.- In a conference on religious freedom held this morning at Rome's Gregorian University Archbishop Giovanni Lajolo, secretary for Relations with States, underscored that Vatican diplomacy were not determined by political interests but by the aim of ensuring religious freedom and conditions that allow the Church freedom to carry out Her mission.
The conference, "The Holy See and Contemporary Challenges to Religious Freedom," was organized by the U.S. Ambassador to the Holy See, Jim Nicholson, on the occasion of the 20th anniversary of diplomatic ties between the Holy See and the United States.
The archbishop noted that the Holy’s contriubution to the question of “religious freedom as the cornerstone of human dignity," is “to ensure that this right is recognized by individual States and, above all, by the international community."
"Considering the importance of religious freedom for the very life of the Church and Her faithful, it is obvious that Vatican diplomacy must actively concern itself with this right,” he said.
“The diplomacy of the Holy See,” he stated, “in fact, does not determine its priorities based on economic or political interest, not does it have geopolitical ambitions; its 'strategic' priorities are, above all, to insure and to promote favorable conditions not only for the exercise of the proper mission of the Church as such, but also for the life of faith of believers."
Archbishop Lajolo explained that the Holy See's "concordat" diplomacy - agreements with other countries concerning "a specific content" (of which 115 have been concluded in 1965) – are "inspired by certain fundamental criteria" such as ensuring "freedom of cult, jurisdiction and of association of the Catholic Church" and opening "areas of cooperation between the Catholic Church and the civil authorities," especially regarding charitable activity and education.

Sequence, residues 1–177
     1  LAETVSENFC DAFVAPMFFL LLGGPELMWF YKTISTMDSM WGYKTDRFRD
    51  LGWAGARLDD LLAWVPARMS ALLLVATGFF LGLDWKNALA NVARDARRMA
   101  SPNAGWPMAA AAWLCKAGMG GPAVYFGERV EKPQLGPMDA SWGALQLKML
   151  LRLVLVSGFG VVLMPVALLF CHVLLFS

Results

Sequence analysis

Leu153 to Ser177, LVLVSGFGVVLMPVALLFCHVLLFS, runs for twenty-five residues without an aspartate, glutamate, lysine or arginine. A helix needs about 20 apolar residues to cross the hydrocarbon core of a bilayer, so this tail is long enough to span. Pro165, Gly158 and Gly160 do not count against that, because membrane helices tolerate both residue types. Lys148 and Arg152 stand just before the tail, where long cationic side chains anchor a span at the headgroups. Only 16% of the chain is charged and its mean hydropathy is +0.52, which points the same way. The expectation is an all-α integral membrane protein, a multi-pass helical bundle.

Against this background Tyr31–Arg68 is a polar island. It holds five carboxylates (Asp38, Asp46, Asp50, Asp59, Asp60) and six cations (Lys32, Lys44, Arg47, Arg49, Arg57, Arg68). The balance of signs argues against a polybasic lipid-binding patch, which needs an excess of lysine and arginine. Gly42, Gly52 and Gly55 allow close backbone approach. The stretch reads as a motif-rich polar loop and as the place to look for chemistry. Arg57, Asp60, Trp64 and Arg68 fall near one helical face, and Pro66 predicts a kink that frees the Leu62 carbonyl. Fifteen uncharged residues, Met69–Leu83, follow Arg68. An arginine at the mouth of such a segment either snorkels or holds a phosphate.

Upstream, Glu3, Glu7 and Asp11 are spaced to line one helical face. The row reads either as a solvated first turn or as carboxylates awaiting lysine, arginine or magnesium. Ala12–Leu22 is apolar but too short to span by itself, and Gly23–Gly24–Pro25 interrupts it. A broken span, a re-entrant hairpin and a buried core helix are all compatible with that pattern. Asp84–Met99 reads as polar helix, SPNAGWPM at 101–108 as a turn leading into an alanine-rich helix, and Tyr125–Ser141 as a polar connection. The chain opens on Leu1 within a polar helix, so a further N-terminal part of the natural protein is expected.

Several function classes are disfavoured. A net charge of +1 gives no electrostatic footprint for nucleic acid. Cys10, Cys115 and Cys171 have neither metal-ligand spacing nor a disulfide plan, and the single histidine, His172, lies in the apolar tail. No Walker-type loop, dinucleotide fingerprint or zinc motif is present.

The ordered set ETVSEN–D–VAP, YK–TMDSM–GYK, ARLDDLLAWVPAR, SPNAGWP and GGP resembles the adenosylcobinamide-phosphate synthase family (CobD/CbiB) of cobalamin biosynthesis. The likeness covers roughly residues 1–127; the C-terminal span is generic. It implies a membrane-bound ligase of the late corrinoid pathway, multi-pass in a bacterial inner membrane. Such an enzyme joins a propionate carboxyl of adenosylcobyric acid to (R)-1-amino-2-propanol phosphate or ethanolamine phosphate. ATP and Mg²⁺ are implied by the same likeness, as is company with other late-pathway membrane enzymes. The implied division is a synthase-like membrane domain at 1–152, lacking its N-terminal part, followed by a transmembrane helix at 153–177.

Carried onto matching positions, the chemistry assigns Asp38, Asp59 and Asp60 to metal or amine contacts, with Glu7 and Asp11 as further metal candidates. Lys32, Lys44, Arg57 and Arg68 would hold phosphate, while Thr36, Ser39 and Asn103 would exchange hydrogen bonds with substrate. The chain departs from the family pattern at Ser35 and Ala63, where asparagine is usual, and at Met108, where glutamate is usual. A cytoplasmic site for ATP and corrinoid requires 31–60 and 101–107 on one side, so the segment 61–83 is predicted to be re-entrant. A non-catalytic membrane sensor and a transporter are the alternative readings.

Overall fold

"Even in States in which the right to religious freedom is taken very seriously and in which the Church can say that she is reasonably satisfied, there is always something which does not adequately respond to her needs,” noted the archbishop.
He said that “in one country, for example, the specific nature of some of her fundamental institutions is not recognized (for example, regarding her hierarchical structure); in another there is no due recognition of canonical marriage; in another the educational system does not sufficiently respect the right of parents and even less of the Church; in yet another the economic system does not take into account the properly social ends of the institutions of the Church.”
“In these countries, notwithstanding this or that particular limitation, the Church nevertheless can say that she enjoys almost always sufficient freedom, equal to that of other confessions," he mentioned in conclusion.